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Château-Grillet may well be named for the sun-baked – “grilled” – hillsides surrounding it.

The same name applies to the Château itself, the hamlet in which it lies, and its vineyard. All were officially recognised on 15th May 1976 as a French National Heritage Site, singled out for their outstanding beauty and rich history.




Birth of AOC Château-Grillet

The history of Château-Grillet and Condrieu are closely intertwined. Both vineyards are said to have been planted by the emperor Probus in the third century AD, with vines brought in from Dalmatia. There is plenty of evidence to support this version of the area’s viticultural history, notably in Saint-Roman-en-Gal where one of the many mosaics unearthed by archaeologists depicts a harvest scene, while another features grapes being crushed. The early development of the vineyards is arguably linked to the Pax Romana, when the local Alloboges tribe, whose lands included the section of the Rhône’s right bank overlooking Vienne, were authorised to seek Roman citizenship; this in turn would grant them the right to plant vines.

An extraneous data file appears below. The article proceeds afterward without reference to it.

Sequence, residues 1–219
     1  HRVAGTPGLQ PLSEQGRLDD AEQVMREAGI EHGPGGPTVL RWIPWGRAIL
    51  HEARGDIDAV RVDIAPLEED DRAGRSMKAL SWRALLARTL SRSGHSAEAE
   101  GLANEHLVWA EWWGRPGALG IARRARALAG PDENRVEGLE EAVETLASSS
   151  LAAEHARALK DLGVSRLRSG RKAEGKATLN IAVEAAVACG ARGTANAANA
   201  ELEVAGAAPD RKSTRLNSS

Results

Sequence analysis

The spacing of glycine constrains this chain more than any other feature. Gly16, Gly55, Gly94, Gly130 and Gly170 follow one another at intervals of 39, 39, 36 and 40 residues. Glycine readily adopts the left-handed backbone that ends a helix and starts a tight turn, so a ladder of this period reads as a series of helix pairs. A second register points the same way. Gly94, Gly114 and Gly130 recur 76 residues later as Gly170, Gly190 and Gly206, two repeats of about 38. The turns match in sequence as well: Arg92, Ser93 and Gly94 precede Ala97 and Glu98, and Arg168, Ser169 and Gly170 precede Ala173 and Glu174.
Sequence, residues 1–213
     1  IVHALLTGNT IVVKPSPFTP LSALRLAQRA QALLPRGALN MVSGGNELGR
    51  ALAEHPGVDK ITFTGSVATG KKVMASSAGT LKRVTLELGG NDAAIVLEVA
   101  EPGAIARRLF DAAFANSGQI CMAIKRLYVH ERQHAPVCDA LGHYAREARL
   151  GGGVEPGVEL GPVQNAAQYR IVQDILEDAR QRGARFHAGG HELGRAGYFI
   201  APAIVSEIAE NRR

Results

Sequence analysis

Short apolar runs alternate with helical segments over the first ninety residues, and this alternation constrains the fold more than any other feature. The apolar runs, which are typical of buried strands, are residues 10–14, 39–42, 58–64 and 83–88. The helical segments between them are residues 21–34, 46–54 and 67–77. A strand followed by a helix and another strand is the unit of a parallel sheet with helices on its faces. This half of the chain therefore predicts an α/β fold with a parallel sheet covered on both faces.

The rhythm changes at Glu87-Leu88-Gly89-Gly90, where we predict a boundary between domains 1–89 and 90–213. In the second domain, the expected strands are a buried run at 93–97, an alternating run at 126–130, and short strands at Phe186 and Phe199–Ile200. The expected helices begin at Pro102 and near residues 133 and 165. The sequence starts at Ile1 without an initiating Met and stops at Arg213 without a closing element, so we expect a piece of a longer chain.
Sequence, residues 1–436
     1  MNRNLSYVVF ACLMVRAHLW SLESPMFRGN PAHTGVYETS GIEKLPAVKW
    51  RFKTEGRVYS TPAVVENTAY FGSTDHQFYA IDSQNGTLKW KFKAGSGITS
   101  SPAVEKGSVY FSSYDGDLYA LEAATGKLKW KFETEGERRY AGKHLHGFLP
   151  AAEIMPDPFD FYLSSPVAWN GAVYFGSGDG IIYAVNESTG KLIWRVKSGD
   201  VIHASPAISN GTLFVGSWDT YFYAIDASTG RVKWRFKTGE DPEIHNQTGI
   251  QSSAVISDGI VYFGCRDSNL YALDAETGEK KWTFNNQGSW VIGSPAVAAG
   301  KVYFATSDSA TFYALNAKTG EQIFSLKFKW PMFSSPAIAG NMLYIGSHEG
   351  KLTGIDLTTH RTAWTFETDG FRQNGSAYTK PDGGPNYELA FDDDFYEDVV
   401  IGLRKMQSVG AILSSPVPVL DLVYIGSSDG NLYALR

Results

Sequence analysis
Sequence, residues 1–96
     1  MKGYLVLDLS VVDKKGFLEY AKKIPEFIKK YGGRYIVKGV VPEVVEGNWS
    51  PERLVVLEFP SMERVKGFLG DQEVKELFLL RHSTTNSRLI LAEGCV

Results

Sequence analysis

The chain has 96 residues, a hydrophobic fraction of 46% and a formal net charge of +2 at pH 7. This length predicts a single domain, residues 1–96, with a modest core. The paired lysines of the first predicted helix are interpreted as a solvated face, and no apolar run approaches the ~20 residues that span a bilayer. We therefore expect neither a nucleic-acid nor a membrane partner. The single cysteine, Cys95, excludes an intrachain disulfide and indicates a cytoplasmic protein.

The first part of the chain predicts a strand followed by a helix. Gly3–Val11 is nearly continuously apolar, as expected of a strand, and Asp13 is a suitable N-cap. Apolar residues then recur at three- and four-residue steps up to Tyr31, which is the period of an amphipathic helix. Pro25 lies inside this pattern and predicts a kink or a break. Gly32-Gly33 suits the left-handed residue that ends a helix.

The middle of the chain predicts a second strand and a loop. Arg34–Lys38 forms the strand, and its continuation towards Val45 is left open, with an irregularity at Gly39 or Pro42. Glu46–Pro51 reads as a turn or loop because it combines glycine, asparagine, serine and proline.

The vineyards are frequently mentioned in travel journals dating back to the 17th and 18th centuries. From these, we know that the Château wines were featured in the most notable cellars of the day. A cellar inventory drawn up in 1814 after the death of Empress Josephine de Beauharnais lists “two hundred and ninety-six bottles of Château-Grillé wine” among its “best crus”.

And while the histories of Château-Grillet and Condrieu are linked, there is one distinct difference – Château-Grillet used to belong to middle class owners hailing from Lyon. It was awarded AOC status in 1936, and now has only one owner.



Château-Grillet lies between Vérin and Saint-Michel-sur-Rhône in the Loire département, on the right bank of the Rhône just south of Vienne.


The vines are planted in a natural amphitheatre formation, facing south, and enjoy a superbly hot and sunny microclimate, sheltered from northerly winds.


A particular geology

Viognier is the key varietal, producing intense, mineral-rich, beautifully taut wines. The soils here have two very distinct geological backgrounds:

Ancient biotite granite from the Palaeozoic era, made up of quartz, feldspar and mica eroded to give sandy soils with varying clay content;

More recent deposits of loess (aeolian sediment dating from the Quaternary), found occasionally in the natural land depressions.

The soils are poor, but free-draining and robust, perfect for producing great wines. The friable subsoils allow vines to root deeply in their search for water and minerals.

Key figures

Key figures of the appellation

100% white


9 hl/ha

Average annual yield

3 ha

Production surface area

31 hl

Total production

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